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Source: BBC News

Jun 2, 2023

Iran prisoner spends 1,000 days in solitary confinement

By Maryam Afshang

Amnesty International is calling for the release of an Iranian man who is spending his 1,000th day in solitary confinement in jail.

Vahid Afkari, 37, was convicted, along with his two brothers, of murdering a security officer during protests over the cost of living five years ago.

One of the brothers, champion wrestler Navid, was executed. The other brother, Habib, was released last year amid international pressure.

All three denied the accusations and said they were tortured to make them confess.

Despite harsh crackdowns on anti-government protesters down the years in Iran, it is rare for the authorities to hold someone in a prison cell on their own for so long.

"Every time the family visit Vahid in prison they try to support him, but he raises their spirits instead," a source close to the family told the BBC.

The Afkari family's troubles started a few years ago in their hometown of Shiraz, in the southern province of Fars.

People were protesting against rising prices and shrinking salaries. The three brothers were among those who took to the streets.

Vahid and Navid were arrested in September 2018, while Habib was arrested three months later.

Navid, the youngest, was well known for his sport. This marked him out for the harshest penalty from the authorities.

He was sentenced to death, while Vahid and Habib were initially sentenced to 54 years and 25 years in prison respectively.

The BBC has verified dozens of documents which show that the Afkari brothers complained to the judicial authorities about being tortured to confess while in custody.

An audio message from Navid was shared on social media in August 2020.

"There is not one shred of evidence in this damned case which proves I'm guilty," he said in the message. "I realise they are looking for a neck for their noose." This phrase later went viral.

The same month, a voice note from Vahid was smuggled out of Adel Abad prison in Shiraz, where they were all being held.

"I went on two hunger strikes for 20 days each, hoping that my voice would be heard but it didn't happen," said Vahid.

"Eventually, I tried to take my life due to the mental and psychological torture I had endured."

'A black hole'

According to the source, the three brothers - from a family of five boys and one girl - were raised in a loving environment even though money was tight.

"They got so much joy out of being together, the simplest things were the most exhilarating," the source said.

Vahid and Habib were top students and attended university. Vahid never placed any burden on his mother.

"She was always worrying if he had enough to eat," said the source.

Vahid became a plasterer after college because there were no jobs.

Meanwhile, Habib and Navid, as the two youngest, were always close and frequently got up to mischief.

Vahid Afkari should never have been jailed, says Amnesty International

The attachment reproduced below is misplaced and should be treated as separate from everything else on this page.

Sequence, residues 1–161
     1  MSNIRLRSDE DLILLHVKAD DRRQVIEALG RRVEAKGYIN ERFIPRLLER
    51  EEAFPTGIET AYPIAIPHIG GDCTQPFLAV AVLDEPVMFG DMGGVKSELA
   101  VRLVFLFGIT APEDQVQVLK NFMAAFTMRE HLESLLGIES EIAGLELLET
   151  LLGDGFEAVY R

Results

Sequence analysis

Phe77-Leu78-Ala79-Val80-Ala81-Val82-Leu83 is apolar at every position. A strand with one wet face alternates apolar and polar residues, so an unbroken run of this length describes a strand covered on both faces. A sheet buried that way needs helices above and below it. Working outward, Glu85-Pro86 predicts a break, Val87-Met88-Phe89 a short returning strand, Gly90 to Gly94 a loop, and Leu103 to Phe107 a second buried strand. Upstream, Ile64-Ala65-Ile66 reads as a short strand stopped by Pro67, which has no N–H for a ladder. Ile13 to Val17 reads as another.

When Navid started winning trophies as a wrestler, he never boasted about his success.

"Their mother would stumble upon new championship plaques hidden in his closet," said the source.

In September 2020, the three brothers were badly beaten in prison and placed in underground cells beside the execution chamber, the source said. The cells were unlit with no windows, beds or blankets - just a toilet and sink in the corner.

Prisoners enter the cells naked and are given a previously worn uniform, often covered in blood from beatings or self-harm. A former prisoner told the BBC "to visualise a black hole like you might see in the movies". The brothers were also blindfolded.

"You're handcuffed and your ankles are cuffed. Because of the cold, metal cuffs become razor sharp. The pain is so bad you're forced to lie on your chest," the former prisoner added.

Before sunrise on 22 September 2020, Vahid and Habib heard the hanging mechanism being operated.

A few minutes later, a guard entered their cells and said: "Condolences." Their baby brother Navid was hanged at the age of 27. The campaign inside and outside Iran to stop his execution had failed.

'Afraid, but not guilty'

After Navid's execution, the authorities continued to pile pressure on his two imprisoned brothers. They were not allowed visits or even a phone call for weeks, and the family didn't know if they were still alive.

When the Afkari family was finally allowed to visit, they realised that Vahid was under even more pressure to incriminate himself and Habib.

Navid's grave, covered with flowers, one month after his execution in October 2020

According to the source, Vahid was told he would be released if he confessed to the murder. If he didn't, Habib would be executed in front of him. Vahid said he adored Habib but that they were innocent.

The officials then asked Vahid if he was scared of dying. He replied: "I'm afraid, but I'm not guilty."

Habib was eventually released in March 2022 after international pressure.

Vahid is still in solitary confinement. He is reportedly in good spirits and exercises in his cell every day. An international campaign has been mobilised to seek his release.

"Vahid Afkari should never have spent a single day in prison, let alone years unjustly jailed and 1,000 days in solitary confinement. He must be immediately released," Amnesty International said in a statement.

Navid's grave still has no proper headstone. The last time the family attempted to erect one, it was bulldozed by the authorities.

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